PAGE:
Professor Henry Goldschmidt ’91 began teaching religion and anthropology on campus in the fall of 2004. In the interim 13 years he attended UC Santa Cruz for graduate school, worked an office job, and taught at Rutgers University and Dickinson College. He began studying Hasidic Judaism for his anthropology thesis and continues to focus on the subject today. We dropped by Professor Goldschmidt’s office to chat about his time as a student at Wesleyan.
Argus: What was the transition like from student to professor?
Professor Henry Goldschmidt: Most of it happened during the 13 years in between student and professor. I think in the first semester that I was back as a professor it would strike me pretty often. I would be walking around somewhere and realize, “Oh my goodness, that was where X happened.” Specific events and memories would jump out at me but that happens much less now. I’ve sort of gotten accustomed to being here more as faculty. I lived in WestCo. In my frosh year, I lived upstairs in Foss 1. My room was on that balcony between Foss 1 and Clark and we would hang out on that balcony a lot in the nice weather. So now, walking in between Foss 1 and Clark is one of those spots that I still think, “Oh my goodness, that was my balcony from frosh year.”
A: You were an anthropology major. What drew you to the field?
HG: I’ve been in anthropology since day one. The stuff that I was working on as an undergraduate is a lot like what I do now. When students say that they are really concerned about what career they will have with X, Y, and Z major, I tell them that it doesn’t matter what your major is in college, but in my case it definitely did. During my first semester, I took an anthropology class and got really into it. I was anthropology major and already focusing on the anthropology of religion. I took a lot of religious studies, and Jewish studies courses. I wrote my senior thesis in anthropology about certain aspects of Hasidic Judaism. By my senior year, I was already writing about Hasidic peoples as an anthropologist. I’m still writing about Hasidic people as an anthropologist.
A: What were some of your favorite courses?
HG: In my freshman year, there was a big lecture class that made me an anthropologist. It was Link Keiser’s Intro to Anthropology course. I also remember in my junior year, I took an Advanced Seminar in Anthropology with Betsy Traube. It was definitely the first time that I ever really read contemporary anthropology. It totally blew me away. I wrote a terrible paper in that class so I think that Betsy was not that impressed. But despite my terrible final paper that class blew me away intellectually, and helped send me to graduate school. I took quite a few Religion courses. I took a really good African American music class, too.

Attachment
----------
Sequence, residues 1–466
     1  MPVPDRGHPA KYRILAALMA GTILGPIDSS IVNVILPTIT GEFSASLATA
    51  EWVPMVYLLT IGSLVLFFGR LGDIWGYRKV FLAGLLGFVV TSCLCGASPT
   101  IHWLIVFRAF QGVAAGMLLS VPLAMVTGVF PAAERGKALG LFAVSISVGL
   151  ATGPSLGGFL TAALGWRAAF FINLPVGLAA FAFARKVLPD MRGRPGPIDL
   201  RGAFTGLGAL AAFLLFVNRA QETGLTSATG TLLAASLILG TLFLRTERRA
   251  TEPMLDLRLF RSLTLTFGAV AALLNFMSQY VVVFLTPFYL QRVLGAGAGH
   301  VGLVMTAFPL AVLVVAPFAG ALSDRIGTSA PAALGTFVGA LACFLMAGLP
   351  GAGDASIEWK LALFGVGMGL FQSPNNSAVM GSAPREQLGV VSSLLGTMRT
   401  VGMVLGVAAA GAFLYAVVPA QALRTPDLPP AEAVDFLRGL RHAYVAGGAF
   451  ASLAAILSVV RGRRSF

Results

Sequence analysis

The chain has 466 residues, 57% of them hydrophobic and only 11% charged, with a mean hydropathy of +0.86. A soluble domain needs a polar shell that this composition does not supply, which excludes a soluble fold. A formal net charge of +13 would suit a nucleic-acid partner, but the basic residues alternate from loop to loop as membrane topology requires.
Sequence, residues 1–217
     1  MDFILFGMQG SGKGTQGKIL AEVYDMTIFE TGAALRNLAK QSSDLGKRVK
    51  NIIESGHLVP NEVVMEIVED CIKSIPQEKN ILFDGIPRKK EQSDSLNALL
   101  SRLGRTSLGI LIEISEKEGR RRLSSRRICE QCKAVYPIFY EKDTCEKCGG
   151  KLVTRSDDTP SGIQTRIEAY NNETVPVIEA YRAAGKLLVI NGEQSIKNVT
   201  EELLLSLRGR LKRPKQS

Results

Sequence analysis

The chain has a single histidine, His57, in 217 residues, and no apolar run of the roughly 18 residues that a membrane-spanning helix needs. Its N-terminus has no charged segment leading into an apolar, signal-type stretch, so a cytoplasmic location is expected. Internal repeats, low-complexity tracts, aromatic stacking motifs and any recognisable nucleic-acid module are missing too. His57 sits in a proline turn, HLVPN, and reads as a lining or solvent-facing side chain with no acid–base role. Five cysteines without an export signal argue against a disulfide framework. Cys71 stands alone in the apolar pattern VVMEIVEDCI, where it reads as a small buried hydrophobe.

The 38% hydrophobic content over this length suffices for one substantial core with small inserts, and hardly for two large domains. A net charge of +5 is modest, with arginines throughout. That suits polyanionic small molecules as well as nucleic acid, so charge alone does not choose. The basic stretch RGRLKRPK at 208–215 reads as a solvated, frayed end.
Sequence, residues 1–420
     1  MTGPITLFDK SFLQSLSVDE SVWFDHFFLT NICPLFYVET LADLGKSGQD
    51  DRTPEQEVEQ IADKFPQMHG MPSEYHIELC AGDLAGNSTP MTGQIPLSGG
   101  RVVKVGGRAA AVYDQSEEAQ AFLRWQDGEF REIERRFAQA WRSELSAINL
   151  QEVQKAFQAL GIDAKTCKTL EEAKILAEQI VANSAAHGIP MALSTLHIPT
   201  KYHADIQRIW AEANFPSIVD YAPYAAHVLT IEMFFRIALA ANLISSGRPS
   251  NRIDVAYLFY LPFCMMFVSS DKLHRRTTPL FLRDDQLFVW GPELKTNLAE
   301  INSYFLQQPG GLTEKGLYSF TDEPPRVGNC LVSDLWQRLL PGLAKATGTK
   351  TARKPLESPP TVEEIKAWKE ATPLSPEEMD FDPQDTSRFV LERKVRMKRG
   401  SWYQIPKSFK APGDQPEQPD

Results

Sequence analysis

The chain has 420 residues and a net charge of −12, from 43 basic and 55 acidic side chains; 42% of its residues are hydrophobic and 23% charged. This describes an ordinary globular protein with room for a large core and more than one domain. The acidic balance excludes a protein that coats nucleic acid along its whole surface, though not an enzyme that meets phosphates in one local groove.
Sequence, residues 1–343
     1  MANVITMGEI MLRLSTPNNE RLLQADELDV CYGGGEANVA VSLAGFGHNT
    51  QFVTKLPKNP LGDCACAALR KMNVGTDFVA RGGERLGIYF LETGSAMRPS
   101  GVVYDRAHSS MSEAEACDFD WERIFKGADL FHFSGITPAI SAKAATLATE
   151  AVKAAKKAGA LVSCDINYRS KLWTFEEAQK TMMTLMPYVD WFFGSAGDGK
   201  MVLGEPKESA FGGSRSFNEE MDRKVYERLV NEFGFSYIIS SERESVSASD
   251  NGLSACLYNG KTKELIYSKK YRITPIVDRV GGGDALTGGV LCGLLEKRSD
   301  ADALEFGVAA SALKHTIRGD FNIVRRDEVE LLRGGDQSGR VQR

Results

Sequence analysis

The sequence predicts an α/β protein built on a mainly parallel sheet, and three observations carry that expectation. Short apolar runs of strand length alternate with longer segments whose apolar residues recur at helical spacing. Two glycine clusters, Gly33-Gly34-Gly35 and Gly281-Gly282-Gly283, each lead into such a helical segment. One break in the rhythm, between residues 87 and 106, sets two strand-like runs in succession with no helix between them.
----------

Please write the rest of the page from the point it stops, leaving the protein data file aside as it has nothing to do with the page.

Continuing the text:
A: You lived in WestCo for three years. How did that happen?
HG: I was in WestCo for my frosh year and the first half of my sophomore year, and then I was abroad in Jerusalem. I was back in WestCo my junior year even though I didn’t want to be. It was the typical story that if you go abroad, then you get screwed. You have friends who were supposed to be looking out for your interests, but don’t exactly, and then you come back and are in WestCo. My senior year I lived on Vine St.
A: How has Wesleyan changed since you were here as a student?
HG: I can still spot some of the same cliques. I can still see who are the WestCo kids, who are the Eclectic kids, the frat kids, and the Butterfields kids; they still have the same sort of character. More often then not, those are based on stereotypes that are not quite true, but, on a superficial level, I can still spot some of the same types.
In 1991, people had just started using the words “queer” in its current valorized, positive sense. Transgender issues were not a dominant concern. To come back to Wesleyan in 2004, I thought, “Gee, everyone is talking about gender binaries and transgender issues.” It was a variation on a familiar theme of lefty, campus identity politics.
A: Did you think you would come back as a professor, while you were studying at Wesleyan?
HG: Not in my first year or two here, but certainly by my senior year. By my senior year when I was working on a thesis and getting very serious in anthropology, I was already kind of starting to think about graduate programs for a Ph.D. and talking with faculty here about their advice for graduate school. I ended up taking a couple of years off before graduate school, and I think that if I had found the perfect job that I was thrilled to be doing, then I could have changed course entirely. I never felt, like, oh my goodness, I need to be an academic or that is it for my life, but I didn’t find the perfect job. I wasn’t set on it, but I was thinking about it very seriously by senior year.
A: Can you still relate to Wesleyan students as an alumnus?
HG: I try not to talk about it much in class. I don’t go out of my way to highlight that, although I’m very proud of it. It gives me a better understanding of where the students are at. This will sound kind of smug, but I think that it does allow me to be a different kind of a role model. Students know that I was sitting in their seat 20 years ago, and now I’m sitting in my seat. If you don’t want to be an academic you can ignore that fact, but if you are interested in academia, you can see how that happens. I’m still thinking about a lot of the same things that I was thinking about when I was a student here. I’ve made a successful career in doing that. It helps to sort of bridge that difference a little bit, but at the same time I don’t want to harp on it. The last thing most 18 through 21 year olds want to hear is some 40-year-old talking about what he did in college. I understand that for some students it may be interesting to hear that memory and to see me as a former Wesleyan student who is now faculty, but I also completely respect students who say give me a break.